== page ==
By Barry Casey
1. We take change in three ways: we refuse it, we resign ourselves to it, or we leap at it. Attitude plays a role here. Your mileage may vary.
2. Most change happens without warning. We brace for impact. We anticipate some changes; we plan for them. And many changes happen while we’re worrying about the first two.
3. Sometimes, in order to see the changes, we have to go away and then return.
4. Maybe the change we long for is to return to what is familiar. We look for stasis as soon as possible after change.
5. We are stretched between stability and novelty.
6. Nicodemus is a literalist. He plays it safe. Jesus speaks in metaphors. He risks it all.
7. The prodigal son cannot bear the same old routine every day, so he tears it up and leaves. But, on his way back, all he can think about is his mother’s soup and the way his father throws his head back when he laughs.
8. Jesus’ baptism sets ablaze his experience of God’s showering love. It is a pinnacle moment, one that anyone would long to dwell within forever. But the Spirit drives him, throws him, propels him, into the wilderness. It is a shattering change. The desert is the habitation of demons and Satan is waiting. Every vulnerability in Jesus is savagely probed and battered. All that remains, all he can cling to, is that voice in his head saying, “You are my son, my beloved, and I am well pleased with you.” Satan pushes, Jesus pulls.
9. God changes and remembers everything.
10. We change and forget the changes. If our memories fade, do the changes blur and smear? If we can’t remember a change does that mean, we have not really changed?
11. Are our changes merely adjustments to keep us in place, like treading water to stay afloat or walking backwards on a moving sidewalk?
12. Create in me a clean heart, O God, and renew a right spirit within me. (Psalm 51:10) The spirit lay rusting from disuse. It needed a clean heart to work.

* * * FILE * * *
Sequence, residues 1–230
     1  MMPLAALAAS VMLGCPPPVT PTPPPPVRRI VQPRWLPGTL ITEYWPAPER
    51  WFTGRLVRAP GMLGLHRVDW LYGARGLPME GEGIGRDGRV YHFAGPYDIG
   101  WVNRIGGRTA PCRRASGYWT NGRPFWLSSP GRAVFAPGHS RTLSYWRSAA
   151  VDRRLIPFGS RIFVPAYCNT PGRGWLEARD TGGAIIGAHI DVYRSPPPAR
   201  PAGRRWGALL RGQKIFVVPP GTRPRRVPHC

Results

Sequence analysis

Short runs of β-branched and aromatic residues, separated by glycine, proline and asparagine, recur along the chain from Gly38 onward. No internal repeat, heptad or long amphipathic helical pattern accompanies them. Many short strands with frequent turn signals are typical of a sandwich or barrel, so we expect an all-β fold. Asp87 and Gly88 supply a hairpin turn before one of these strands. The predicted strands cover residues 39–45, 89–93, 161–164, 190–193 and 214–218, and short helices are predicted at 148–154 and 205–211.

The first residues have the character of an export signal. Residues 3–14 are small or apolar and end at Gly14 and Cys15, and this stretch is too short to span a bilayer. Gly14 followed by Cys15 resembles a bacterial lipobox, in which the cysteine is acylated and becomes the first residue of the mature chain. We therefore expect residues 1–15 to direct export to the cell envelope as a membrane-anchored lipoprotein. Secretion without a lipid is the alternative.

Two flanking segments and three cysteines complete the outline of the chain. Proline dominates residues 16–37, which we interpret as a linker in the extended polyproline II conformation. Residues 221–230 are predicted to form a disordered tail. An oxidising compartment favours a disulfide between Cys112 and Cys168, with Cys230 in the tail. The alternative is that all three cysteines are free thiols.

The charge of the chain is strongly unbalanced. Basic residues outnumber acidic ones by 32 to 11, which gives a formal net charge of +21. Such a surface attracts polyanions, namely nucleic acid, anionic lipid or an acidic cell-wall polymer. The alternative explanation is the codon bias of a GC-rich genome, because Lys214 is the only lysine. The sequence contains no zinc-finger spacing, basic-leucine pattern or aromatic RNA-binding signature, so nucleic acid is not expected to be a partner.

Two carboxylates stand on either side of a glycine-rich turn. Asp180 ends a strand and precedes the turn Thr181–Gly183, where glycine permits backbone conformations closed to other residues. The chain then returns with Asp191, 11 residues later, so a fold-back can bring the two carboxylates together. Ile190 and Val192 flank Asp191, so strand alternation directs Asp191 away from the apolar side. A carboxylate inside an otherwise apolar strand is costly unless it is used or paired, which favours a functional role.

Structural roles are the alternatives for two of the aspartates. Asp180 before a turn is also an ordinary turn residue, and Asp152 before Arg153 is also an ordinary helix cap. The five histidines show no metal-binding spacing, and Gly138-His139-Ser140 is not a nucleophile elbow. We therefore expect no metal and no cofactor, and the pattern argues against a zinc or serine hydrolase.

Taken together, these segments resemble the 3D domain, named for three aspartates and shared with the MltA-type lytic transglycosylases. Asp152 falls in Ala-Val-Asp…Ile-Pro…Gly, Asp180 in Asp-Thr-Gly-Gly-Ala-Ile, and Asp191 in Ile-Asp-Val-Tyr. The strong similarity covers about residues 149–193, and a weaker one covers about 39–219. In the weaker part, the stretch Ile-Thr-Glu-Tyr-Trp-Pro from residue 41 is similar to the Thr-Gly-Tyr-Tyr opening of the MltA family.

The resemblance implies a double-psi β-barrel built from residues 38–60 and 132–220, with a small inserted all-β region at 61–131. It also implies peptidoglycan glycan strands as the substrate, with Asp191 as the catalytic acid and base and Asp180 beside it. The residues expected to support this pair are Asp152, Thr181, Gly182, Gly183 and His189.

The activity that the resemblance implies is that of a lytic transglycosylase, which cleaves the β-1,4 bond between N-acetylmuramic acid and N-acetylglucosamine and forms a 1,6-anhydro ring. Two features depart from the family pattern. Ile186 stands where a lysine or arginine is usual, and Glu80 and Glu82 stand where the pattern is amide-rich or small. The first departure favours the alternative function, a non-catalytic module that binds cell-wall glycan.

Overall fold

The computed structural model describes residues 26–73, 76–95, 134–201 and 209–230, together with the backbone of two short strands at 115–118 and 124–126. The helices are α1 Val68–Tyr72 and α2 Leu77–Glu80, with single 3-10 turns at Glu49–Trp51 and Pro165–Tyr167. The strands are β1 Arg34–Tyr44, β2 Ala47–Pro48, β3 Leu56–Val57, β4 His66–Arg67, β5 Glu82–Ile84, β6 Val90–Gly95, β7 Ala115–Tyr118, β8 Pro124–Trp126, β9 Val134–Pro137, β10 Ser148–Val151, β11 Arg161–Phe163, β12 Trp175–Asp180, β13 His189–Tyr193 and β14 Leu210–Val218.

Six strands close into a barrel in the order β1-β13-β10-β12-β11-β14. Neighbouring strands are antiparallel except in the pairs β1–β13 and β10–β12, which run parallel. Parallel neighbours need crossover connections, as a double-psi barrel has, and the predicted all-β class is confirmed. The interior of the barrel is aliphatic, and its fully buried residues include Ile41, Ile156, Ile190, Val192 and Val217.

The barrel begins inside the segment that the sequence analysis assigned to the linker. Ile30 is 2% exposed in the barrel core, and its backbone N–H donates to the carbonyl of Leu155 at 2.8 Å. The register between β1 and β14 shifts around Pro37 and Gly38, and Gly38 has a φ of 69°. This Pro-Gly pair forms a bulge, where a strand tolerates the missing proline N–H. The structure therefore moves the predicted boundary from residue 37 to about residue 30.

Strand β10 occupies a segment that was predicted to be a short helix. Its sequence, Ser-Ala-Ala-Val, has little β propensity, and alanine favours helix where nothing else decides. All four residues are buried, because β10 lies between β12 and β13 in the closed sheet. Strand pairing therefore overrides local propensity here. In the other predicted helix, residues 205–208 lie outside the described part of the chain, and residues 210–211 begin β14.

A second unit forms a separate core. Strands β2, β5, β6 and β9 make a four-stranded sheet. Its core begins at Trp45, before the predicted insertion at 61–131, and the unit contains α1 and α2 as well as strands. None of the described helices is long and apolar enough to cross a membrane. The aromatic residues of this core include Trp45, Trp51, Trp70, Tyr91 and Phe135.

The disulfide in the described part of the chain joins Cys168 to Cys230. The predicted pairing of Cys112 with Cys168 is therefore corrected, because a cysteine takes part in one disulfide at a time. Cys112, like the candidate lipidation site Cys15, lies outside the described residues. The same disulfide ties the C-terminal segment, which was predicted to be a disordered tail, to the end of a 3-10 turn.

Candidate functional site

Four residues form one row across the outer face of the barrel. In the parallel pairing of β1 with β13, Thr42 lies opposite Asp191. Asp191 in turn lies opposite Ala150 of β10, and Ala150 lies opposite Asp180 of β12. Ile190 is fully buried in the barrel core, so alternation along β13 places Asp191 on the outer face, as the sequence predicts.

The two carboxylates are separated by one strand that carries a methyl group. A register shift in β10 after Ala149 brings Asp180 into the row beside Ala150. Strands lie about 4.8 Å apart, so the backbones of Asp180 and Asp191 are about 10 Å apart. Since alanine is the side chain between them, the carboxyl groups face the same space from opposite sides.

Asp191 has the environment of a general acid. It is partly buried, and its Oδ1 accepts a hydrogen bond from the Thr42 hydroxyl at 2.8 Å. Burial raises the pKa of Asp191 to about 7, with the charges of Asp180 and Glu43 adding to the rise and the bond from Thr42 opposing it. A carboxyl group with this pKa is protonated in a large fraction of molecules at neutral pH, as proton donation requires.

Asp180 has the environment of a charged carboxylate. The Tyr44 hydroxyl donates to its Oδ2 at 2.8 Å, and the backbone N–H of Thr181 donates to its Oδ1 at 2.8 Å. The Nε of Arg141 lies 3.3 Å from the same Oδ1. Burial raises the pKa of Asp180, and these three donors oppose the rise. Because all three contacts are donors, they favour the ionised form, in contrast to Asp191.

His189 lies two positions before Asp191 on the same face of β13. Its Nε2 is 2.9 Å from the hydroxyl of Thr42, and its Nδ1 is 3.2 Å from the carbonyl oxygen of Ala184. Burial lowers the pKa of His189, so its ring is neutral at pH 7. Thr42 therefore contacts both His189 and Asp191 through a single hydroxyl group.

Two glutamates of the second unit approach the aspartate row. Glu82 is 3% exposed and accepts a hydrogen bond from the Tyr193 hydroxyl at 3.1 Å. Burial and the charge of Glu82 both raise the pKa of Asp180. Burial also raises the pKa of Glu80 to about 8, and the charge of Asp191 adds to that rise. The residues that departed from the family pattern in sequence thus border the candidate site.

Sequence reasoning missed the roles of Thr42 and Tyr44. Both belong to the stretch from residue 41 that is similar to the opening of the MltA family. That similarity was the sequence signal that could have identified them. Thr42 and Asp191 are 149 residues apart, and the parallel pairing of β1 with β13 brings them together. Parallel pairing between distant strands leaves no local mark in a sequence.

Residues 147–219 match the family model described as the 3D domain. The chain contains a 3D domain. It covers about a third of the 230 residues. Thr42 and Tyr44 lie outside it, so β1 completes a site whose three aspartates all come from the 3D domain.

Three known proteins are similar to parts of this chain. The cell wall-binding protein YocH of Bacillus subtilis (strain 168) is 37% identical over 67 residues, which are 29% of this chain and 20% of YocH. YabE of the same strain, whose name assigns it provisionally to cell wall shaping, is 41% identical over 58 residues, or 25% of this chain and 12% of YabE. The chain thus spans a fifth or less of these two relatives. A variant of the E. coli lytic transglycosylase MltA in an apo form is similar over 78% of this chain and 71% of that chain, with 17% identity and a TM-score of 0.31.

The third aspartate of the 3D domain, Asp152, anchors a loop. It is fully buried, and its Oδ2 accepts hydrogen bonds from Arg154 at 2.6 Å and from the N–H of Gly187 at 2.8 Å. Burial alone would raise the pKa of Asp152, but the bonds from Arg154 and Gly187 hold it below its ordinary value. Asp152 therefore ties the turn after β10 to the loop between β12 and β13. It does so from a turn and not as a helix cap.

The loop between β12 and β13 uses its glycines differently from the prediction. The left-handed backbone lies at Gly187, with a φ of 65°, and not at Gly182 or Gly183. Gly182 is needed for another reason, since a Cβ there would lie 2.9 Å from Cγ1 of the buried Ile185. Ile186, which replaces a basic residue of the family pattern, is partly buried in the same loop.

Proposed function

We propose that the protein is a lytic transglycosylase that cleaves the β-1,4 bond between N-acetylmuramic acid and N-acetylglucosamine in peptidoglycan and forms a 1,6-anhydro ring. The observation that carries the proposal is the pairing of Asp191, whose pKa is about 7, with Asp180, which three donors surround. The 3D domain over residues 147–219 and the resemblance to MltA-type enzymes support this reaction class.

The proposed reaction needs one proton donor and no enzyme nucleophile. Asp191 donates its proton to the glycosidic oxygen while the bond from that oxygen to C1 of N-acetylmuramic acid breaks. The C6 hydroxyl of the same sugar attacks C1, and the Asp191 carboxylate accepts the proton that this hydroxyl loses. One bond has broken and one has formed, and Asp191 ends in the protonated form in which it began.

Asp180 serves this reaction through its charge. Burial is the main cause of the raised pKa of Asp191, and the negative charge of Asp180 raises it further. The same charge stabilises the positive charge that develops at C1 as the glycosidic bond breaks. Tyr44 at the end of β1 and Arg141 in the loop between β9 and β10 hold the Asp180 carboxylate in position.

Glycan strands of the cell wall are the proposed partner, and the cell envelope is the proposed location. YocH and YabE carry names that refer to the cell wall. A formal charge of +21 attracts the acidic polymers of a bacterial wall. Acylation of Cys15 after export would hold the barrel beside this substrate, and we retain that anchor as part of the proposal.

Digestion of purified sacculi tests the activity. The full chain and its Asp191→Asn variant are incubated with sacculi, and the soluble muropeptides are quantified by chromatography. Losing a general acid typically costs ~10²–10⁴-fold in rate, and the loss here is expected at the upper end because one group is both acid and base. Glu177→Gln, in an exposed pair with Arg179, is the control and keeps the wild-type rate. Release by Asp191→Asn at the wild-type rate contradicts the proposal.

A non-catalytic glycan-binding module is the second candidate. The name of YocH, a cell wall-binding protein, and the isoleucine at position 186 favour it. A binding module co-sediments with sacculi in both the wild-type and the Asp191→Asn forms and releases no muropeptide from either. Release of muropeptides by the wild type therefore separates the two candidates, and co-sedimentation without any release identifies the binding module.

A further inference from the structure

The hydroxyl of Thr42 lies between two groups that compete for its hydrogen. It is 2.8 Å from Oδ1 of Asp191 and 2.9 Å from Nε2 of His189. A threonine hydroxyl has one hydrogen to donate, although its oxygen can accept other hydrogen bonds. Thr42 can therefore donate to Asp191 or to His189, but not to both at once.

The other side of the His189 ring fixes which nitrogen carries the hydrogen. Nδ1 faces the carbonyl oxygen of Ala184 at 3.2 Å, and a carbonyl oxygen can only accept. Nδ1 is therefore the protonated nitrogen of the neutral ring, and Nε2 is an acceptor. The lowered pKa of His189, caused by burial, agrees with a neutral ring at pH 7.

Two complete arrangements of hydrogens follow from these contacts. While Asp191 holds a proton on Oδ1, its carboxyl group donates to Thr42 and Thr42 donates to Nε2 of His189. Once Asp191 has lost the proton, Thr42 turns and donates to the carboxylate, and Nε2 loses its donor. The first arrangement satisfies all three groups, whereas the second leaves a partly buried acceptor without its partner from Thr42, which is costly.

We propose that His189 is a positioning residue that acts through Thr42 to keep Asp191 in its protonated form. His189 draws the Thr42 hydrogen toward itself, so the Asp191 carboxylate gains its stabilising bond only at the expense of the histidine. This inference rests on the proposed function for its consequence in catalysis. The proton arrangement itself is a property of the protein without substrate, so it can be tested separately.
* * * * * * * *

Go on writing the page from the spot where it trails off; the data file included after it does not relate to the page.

13. Heart is stained and broken. Spirit is rusting. Weeds have grown up between them. “I miss you, Heart,” says Spirit. “I am nothing without you.”
14. The prophetic writings are entirely about change. The people have lost their way. They have trusted other gods, gone down a dark path. When this happens the land itself becomes infertile.
15. Change is constant in the Scriptures. Someone is always moving away, reversing course, changing names, repenting. The history of the people of God is the history of constant change.
16. We don’t get used to change, even though it’s happening constantly. Every change rings a bell somewhere that says, “It’s all slipping away. Nothing stays the same. You can’t stop it.”
17. The only change that makes a real difference is knowing that everything put together falls apart.
18. Random notes on change:
changes in relationships
changes in my body
change in how I think about the Bible
change in how I imagine Christ
change in how I view God as Father or Mother
change to the church vs change by the church
change over time or cataclysmic change
gradual change—do we notice?
is it really change if we don’t notice it?
19. Heraclitus: You cannot step in the same river twice. God: Behold, I make all things new. Heraclitus: This is what I’m saying.
20.Cease to do evil and learn to do right, pursue justice and champion the oppressed; give the orphan his rights, plead the widow’s cause (Isa. 1:17).
21. Possibly overheard outside a Metro station. “Hey buddy, you got any spare change?” “Sorry, I haven’t got any cash. I have a Starbucks gift card, though.” “Thanks anyway.”
22.Rilke famously murmured in one of his poems, “You must change your life.” I came across this line in a novel where an American mercenary is about to push a nun out of an airplane over the sea off the coast of Nicaragua. She says this to him with a half-smile on her lips. In the novel, the mercenary hears this every night in his dreams.